The Double Seven Festival is so-named because it occurs on the 7th day of the 7th month in the lunisolar calendar. It is more colloquially known as Chinese Valentine’s Day and celebrates the legend of Zhinü and Niulang as told in the Chinese folk take known as The Cowherd and the Weaver Girl. The story goes that the two lovers were forbidden from being together and banished to opposite sides of a river. Once a year on the 7th day of the 7th lunar month, a flock of magpies would create a crossing over the waters and allow the lovers one day together.

Hungry Ghost Festival (Variable)

This year, the Hungry Ghost Festival is Tuesday, September 1, 2020.

Next year it falls on Saturday, August 21, 2021.

A Guide to Holidays in China 2020-2021

Each year during the 7th lunar month, the three realms of heaven, hell, and the earth are said to open to each other. Taoists and Buddhists in particular believe this is a time when spirits can return to the land of the living. Unlike on Tomb Sweeping Day where the tradition is simply to pay respects to departed ancestors, during the Hungry Ghost Festival ancestors are thought actually return. This is a time when people will again make offerings of food or paper versions of common items their ancestors can take back with them to the afterworld. It is not uncommon to see people in the streets or outside their homes burning papers as an offering to the spirits.

Double Nine Festival (Variable)

Double Nine Festival 2020 is Sunday, October 25.

Next year it will be Thursday, October 14, 2021.

A Guide to Holidays in China 2020-2021

Chinese culture contains strong elements of numerology and various numbers are considered significant. Occasions when such numbers occur together are marked. The Double Nine Festival, coming on the 9th day of the 9th lunar month, is one such day. In Chinese philosophy, nine is associated with the concept of Yang, the light portion on the famous yin and yang symbol. On the day of the Double Nine, it is said there is too much Yang present, a potentially dangerous situation. People in China are apt to be especially cautious on this day and may again pay a visit to the graves of ancestors. Other traditions include climbing to a high location or drinking chrysanthemum liquor, both of which are thought to protect against danger.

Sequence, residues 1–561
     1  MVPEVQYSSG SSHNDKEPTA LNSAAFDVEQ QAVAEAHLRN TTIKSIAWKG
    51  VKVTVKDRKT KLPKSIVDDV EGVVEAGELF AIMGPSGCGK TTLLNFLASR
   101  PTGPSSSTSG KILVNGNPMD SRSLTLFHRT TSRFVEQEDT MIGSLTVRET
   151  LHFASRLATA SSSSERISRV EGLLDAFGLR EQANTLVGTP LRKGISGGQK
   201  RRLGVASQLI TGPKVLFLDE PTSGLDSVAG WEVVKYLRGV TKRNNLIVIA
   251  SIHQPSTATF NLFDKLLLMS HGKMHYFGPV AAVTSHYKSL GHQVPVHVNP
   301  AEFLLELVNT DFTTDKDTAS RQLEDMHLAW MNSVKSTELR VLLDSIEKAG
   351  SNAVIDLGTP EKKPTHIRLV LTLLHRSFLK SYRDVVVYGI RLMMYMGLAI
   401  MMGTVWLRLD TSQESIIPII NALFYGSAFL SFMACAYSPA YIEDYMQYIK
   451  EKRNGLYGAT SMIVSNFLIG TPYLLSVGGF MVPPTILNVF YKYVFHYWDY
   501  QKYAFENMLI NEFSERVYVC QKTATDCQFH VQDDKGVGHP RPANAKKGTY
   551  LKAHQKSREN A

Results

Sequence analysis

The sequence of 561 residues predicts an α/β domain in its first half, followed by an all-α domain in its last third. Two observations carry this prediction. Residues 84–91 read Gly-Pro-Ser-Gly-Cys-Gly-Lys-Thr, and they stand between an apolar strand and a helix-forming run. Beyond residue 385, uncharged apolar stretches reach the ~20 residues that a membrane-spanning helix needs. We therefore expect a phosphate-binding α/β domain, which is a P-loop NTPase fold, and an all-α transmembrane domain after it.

Singles' Day (November 11)

A Guide to Holidays in China 2020-2021

As China’s economy has grown, Chinese society has rapidly developed strong consumerist tendencies. In precisely the same way there is Black Friday in the United States, China has Singles’ Day. Created in the 1990s by university students, it has since morphed into the largest one-day sales event anywhere in the world. After the Chinese e-commerce platform Alibaba launched a bid to capitalize on Singles’ Day in 2009, Chinese people from all walks of life eagerly look forward to the steep discounts and other inducements offered by retailers across the economy. Some people will go so far as to buy a year’s worth of certain supplies in order to get the biggest savings possible. Alibaba alone reported US$30.7 billion in sales associated with Singles’ Day, 2018. By comparison, Black Friday 2019 netted only US$7.9 billion across all US retailers. To be fair, Singles’ Day events can run several days either side of 11/11. Nevertheless, Singles’ Day is Black Friday on steroids. It’s something else altogether. This November 11, you too can get in on the action.


Observance of Western and Other Holidays

A Guide to Holidays in China 2020-2021

Holidays such as Christmas, Halloween, Thanksgiving, Hanukkah, Passover, Ramadan, etc. are informally observed by people in China. Businesses will often cater to foreigners around these times with special promotions, discounts, and decorations. It’s not uncommon to see unofficial celebrations in major cities on these days. Don’t be surprised if you happen upon a group of kids trick-or-treating in Beijing or Shanghai on October 31.

Holidays in China are great times to explore and learn about China’s rich traditions and intangible cultural heritage. You will bring a smile to many faces if you greet people with the customary phrases on the right days. This short explainer will help you get a leg up on others and have you well on your way to seeming like a local.

Disclaimer: This article has been used directly from the Qingqi Qiu Platform, the copyright belongs to the original author. If there is any discrepancy with the copyright please contact us directly and we will immediately delete the content.Index for Network Information Infringement Protection